A Trip to Zomba: Exploring Malawi’s Ancient City
Malawi, a tiny dot on the planet, was a country unknown to me until a few months ago. That is, until my parents moved there. Ever since, they have been gaga about its scenic beauty, weather, and lifestyle. My curiosity couldn’t hold me long and before I knew it, I was on a flight that not just flew me to another place but transported me from the every-minute-is-a-battle life of bustling Mumbai to the every-moment-takes-my-breath-away life of tranquil Blantyre.
Located in the lower region of Africa, Malawi is surrounded by Tanzania, Zambia, Zimbabwe and Mozambique. ‘Lake of the Stars,’ a body of water that covers a third of the country, was nicknamed by the legendary David Livingstone-a man who is as significant to Malawi as Columbus is to America. With his extensive writings about his explorations in the 19th century, Livingstone created immense awareness about this African land of splendor.
My parents live in Blantyre, a city surrounded by mountains. Named after Livingstone’s birthplace in Scotland, it is the commercial capital of Malawi. It is also the place where I have seen the brightest flowers and the fluffiest white clouds, and eaten the crunchiest of organic vegetables. Once I had acclimated to the laid-back life in Blantyre, I set out to explore the nearby, ancient city of Zomba-which was the first capital of Malawi post-independence, before Lilongwe.
To prevent commercial tour guide bombardment, a local acquaintance drove me there. But the 50 km drive from Blanytre was an experience in itself. As we hit the outskirts of Blantyre, the faint smell of Eucalyptus (locally known as Bluegum – I wonder why?) wafted by. I rolled down my windows and took in the crisp, clean air.
The highlight of my visit to Zomba was driving up the mountainous terrain. On our way uphill, young boys surrounded us, thrusting bowls filled with colorful Jell-O-like things at us. When we looked closer, we realized they were different kinds of berries – blackberries, yellowberries, strawberries-all freshly plucked from nearby trees. These berries grow mainly in cold regions and are a rare find for tropical dwellers like me so I started buying them in heaps. If my picnic basket weren’t filled to the brim, I would have bought enough for the boys to shut down their shop for the day!
Beautiful pine trees run across the stretch of the mountains, and like an awestruck child, I collected the pinecones. Once atop the mountain, I saw the usual – a bird’s-eye view of the city from different angles. While they were not extraordinary, I did love the natural dam. Chilling my feet in the freezing water, I only wanted to drink a pint of beer and start barbecuing.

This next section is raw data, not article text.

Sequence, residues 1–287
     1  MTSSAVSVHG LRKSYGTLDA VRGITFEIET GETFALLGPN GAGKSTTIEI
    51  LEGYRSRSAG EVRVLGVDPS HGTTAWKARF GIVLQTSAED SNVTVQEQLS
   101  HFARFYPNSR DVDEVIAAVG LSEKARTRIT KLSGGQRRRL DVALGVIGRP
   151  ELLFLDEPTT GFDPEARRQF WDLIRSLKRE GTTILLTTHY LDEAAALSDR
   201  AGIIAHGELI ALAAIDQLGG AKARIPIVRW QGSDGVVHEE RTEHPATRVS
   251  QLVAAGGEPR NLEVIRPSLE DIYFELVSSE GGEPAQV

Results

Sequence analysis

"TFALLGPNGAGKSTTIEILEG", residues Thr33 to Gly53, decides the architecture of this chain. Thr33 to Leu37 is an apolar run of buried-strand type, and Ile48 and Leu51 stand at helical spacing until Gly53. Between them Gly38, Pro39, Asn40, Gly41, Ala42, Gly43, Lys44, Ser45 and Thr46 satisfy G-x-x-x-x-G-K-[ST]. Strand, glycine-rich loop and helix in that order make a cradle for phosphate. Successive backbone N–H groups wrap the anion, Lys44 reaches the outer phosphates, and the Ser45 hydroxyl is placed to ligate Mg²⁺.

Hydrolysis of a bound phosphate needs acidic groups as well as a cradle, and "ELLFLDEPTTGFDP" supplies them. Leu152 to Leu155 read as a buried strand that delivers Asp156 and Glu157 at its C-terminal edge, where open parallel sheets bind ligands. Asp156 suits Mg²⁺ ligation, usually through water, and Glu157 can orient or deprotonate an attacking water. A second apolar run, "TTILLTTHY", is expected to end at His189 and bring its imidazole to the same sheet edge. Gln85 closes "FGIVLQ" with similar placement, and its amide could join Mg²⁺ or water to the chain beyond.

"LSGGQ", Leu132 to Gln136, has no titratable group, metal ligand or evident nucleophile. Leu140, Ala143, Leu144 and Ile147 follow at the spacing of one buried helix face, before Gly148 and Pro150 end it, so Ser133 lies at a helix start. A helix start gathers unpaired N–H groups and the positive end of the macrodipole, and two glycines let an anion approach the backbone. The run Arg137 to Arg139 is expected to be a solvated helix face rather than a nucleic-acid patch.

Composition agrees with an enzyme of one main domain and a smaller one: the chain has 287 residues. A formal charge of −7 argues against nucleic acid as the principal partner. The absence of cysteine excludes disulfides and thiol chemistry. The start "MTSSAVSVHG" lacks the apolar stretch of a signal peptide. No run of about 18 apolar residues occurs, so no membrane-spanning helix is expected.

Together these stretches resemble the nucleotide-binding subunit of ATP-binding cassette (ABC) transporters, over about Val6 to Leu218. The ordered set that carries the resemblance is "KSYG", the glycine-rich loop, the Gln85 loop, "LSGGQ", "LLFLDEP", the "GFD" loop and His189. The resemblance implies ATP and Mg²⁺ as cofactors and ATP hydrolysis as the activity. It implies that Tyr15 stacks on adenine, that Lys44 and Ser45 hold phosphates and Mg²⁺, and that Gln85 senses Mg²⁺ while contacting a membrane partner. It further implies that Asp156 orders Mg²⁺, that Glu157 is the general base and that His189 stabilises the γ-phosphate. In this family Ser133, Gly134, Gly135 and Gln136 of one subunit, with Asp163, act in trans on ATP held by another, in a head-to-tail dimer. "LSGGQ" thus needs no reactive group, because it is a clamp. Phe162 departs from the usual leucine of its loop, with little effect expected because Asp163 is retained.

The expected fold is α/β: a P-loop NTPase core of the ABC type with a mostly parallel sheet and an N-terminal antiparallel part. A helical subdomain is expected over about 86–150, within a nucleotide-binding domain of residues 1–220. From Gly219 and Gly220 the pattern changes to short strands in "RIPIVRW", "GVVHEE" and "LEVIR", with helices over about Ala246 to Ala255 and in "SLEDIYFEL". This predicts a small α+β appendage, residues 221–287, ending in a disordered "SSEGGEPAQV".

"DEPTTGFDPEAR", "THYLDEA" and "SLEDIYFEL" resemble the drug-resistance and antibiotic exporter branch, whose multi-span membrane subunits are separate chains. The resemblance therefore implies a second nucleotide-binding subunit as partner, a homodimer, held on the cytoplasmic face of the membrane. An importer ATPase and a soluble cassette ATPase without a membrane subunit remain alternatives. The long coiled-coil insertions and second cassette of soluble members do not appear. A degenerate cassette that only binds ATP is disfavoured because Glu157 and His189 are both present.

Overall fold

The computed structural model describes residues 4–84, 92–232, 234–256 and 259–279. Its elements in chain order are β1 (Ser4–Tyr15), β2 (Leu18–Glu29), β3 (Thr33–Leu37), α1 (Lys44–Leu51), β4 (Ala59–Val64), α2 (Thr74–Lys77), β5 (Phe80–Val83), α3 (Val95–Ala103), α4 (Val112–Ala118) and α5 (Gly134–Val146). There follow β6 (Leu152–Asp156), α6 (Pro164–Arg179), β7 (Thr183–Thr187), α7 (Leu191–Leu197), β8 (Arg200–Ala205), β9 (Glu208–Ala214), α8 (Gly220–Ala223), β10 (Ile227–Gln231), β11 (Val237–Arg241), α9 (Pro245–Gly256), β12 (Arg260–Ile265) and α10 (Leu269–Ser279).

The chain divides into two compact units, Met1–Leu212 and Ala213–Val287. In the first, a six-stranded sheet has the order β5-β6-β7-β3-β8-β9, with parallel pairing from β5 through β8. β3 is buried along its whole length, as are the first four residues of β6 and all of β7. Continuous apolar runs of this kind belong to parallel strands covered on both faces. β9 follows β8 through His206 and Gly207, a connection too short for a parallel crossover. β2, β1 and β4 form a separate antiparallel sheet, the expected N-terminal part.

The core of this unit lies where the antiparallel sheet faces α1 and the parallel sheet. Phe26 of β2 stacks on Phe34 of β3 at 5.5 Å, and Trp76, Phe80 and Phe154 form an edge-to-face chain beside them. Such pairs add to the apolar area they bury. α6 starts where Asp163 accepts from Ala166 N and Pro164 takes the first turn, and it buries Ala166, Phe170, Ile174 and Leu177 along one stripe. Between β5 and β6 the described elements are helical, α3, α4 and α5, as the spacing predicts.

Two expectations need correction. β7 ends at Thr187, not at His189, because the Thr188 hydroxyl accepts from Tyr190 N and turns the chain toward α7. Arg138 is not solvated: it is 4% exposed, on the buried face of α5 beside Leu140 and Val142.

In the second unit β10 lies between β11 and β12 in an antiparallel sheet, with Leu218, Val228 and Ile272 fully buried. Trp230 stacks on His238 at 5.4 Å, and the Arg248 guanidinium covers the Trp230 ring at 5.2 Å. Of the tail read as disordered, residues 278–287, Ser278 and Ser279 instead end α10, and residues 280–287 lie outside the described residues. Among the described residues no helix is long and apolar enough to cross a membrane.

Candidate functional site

By the time we reached the foothills, I was famished. Resisting the temptation to shop, I was directed to Sunbird Ku Chawe, the only restaurant nearby. So there I was, eating lunch in the garden area, while lush mountains smiled down at me. I ordered a platter of chicken and rice, a local specialty, according to the menu. But if you know better, the staple diet of locals consists of maize flour (nsima) and meat/fish. But I loved my meal: buttered rice along with chicken curried in raw mango and assorted spices with fries on the side. I polished it off with some tonic water.
In true filmy style (as Indians would say), the last leg of the trip was the most dramatic. After lunch, we headed to the kiosks selling handicrafts– tribal chairs, masks, and figurines carved from ebony. Like the berries, I was tempted to buy most of what I saw, but after haggling (which was a task in and of itself as the merchants spoke limited English, and the local language ‘Chichewa’ sounds like gibberish to me) and getting a good deal on a few things, I proceeded towards the car.
Suddenly, a middle-aged man came running toward me with some statuettes – beautifully carved and rare. He sobbed, and in broken English, said that he had made the crafts himself and hadn’t sold a single piece. I felt sorry for him and picked one for the price he quoted. Once back in town, I found out that the crafts are made elsewhere and hawkers in Zomba only sell them. To think that I fell for the hawker’s sob story and bought something for double its price!
I want to visit Zomba again soon – do the hike I’ve dreamed of. I want to drive to the base of the mountains, get breathless treading up, and then relish a well-deserved barbecue grill by the stream. Until then, I will admire my berries–now crushed into homemade wine and the painted pine cones adorning my room.